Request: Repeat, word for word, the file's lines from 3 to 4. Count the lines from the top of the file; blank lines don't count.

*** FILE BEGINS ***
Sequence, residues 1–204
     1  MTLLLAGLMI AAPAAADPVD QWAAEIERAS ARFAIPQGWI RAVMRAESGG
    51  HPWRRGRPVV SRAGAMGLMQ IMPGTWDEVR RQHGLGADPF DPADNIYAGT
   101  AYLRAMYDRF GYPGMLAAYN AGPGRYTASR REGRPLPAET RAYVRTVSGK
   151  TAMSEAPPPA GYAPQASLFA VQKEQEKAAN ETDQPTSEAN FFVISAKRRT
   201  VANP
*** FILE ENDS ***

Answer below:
    51  HPWRRGRPVV SRAGAMGLMQ IMPGTWDEVR RQHGLGADPF DPADNIYAGT
   101  AYLRAMYDRF GYPGMLAAYN AGPGRYTASR REGRPLPAET RAYVRTVSGK